Howard LeWine, M.D.

Can hospice care reduce depression in the bereaved?

Howard LeWine, M.D., Chief Medical Editor
Internet Publishing, Harvard Health Publications

Hospice care improves quality of life in the dire circumstances of a person’s last days. It can enable the dying to spend this time in peace, surrounded by family and friends, and in little pain. Studies confirm what many know intuitively. Family members are likely to experience major depression following the loss of a loved one. A recent study published in today’s online JAMA Internal Medicine looked at whether hospice care reduces the severity of bereavement-related depression in people who had recently lost a spouse. While the researchers saw no difference between spouses whose partners were enrolled in hospice and those how weren’t, major depression was less common in spouses who received support from a hospice program.

Howard LeWine, M.D.

Grip strength may provide clues to heart health

Howard LeWine, M.D., Chief Medical Editor
Internet Publishing, Harvard Health Publications

A strong or weak hand grip carries more than just social cues. It may also help measure an individual’s risk for having a heart attack or stroke, or dying from cardiovascular disease. As part of the international Prospective Urban and Rural Epidemiological (PURE) study, researchers measured grip strength in nearly 140,000 adults in 17 countries and followed their health for an average of four years. Each 11-pound decrease in grip strength over the course of the study was linked to a 16% higher risk of dying from any cause, a 17% higher risk of dying from heart disease, a 9% higher risk of stroke, and a 7% higher risk of heart attack. Interestingly, grip strength was a better predictor of death or cardiovascular disease than blood pressure. What’s the connection? It’s possible that grip strength measures biological age.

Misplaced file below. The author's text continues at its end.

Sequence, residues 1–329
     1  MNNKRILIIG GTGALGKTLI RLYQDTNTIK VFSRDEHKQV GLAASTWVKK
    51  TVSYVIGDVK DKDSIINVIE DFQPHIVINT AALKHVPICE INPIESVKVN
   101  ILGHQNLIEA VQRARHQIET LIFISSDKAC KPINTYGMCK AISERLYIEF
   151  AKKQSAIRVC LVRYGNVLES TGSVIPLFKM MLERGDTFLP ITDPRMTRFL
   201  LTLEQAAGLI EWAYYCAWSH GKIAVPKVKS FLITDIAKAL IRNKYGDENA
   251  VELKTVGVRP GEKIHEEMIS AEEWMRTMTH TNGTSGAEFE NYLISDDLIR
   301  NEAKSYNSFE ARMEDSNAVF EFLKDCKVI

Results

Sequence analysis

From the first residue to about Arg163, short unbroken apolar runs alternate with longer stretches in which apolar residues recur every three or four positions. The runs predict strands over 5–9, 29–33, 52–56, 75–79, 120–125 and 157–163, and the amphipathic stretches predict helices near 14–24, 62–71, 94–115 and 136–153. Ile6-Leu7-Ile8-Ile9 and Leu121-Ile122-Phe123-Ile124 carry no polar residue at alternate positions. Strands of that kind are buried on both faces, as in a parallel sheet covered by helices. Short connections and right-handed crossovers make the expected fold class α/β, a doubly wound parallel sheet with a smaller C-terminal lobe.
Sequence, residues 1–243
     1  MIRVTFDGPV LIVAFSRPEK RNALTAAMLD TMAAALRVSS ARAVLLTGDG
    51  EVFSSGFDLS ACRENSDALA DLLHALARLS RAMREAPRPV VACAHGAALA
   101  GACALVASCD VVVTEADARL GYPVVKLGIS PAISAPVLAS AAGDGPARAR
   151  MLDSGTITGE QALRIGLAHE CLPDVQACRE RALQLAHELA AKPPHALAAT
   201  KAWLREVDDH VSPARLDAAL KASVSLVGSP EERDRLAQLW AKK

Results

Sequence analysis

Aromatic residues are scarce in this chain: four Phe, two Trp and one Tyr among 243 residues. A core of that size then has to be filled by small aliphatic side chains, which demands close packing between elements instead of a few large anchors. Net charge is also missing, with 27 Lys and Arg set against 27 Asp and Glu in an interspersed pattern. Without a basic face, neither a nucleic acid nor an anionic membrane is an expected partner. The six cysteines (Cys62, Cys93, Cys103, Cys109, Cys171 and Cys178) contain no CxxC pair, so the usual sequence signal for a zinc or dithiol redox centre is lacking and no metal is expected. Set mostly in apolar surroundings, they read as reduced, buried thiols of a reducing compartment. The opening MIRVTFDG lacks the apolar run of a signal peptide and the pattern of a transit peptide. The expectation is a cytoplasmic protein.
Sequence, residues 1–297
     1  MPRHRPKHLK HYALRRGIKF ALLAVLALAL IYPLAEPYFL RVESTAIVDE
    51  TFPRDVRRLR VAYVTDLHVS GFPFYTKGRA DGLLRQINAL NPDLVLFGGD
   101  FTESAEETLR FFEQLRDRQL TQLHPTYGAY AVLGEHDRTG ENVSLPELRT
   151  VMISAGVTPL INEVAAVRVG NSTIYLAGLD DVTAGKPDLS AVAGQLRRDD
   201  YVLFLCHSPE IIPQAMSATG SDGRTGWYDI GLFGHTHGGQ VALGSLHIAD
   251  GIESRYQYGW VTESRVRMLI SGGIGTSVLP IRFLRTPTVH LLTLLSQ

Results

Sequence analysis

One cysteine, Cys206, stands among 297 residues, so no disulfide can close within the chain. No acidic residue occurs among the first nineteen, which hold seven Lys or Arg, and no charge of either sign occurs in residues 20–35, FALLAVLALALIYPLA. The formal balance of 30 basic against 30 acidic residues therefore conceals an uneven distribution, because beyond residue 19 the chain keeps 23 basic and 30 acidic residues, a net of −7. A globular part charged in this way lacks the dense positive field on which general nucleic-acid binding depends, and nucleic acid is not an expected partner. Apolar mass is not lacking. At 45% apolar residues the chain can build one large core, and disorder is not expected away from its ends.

Howard LeWine, M.D.

Switching to a fiber-rich diet may lower colon cancer risk in blacks

Howard LeWine, M.D., Chief Medical Editor
Internet Publishing, Harvard Health Publications

Switching from a “Western” diet with lots of fat and meat to a fiber-rich diet for just two weeks makes conditions in the large intestine less favorable to the development of colon cancer. The opposite switch may promote the formation of cancer. That’s the conclusion from a small but elegant study done in urban Pittsburgh and rural KwaZulu-Natal, South Africa. In the study, 20 volunteers from each area switched diets. For two weeks, the Americans ate a traditional high-fiber African diet rich in fruits, vegetables, nuts, and beans, while the Africans ate a Western diet with more fat, protein, and meat. In just two weeks, significant changes occurred in the lining of the colon and in its chemical and bacterial make-up in both groups, but in different directions. Those following the African diet showed improvements in colon health likely to protect against colon cancer, while those following the Western diet showed changes that could lead to colon cancer.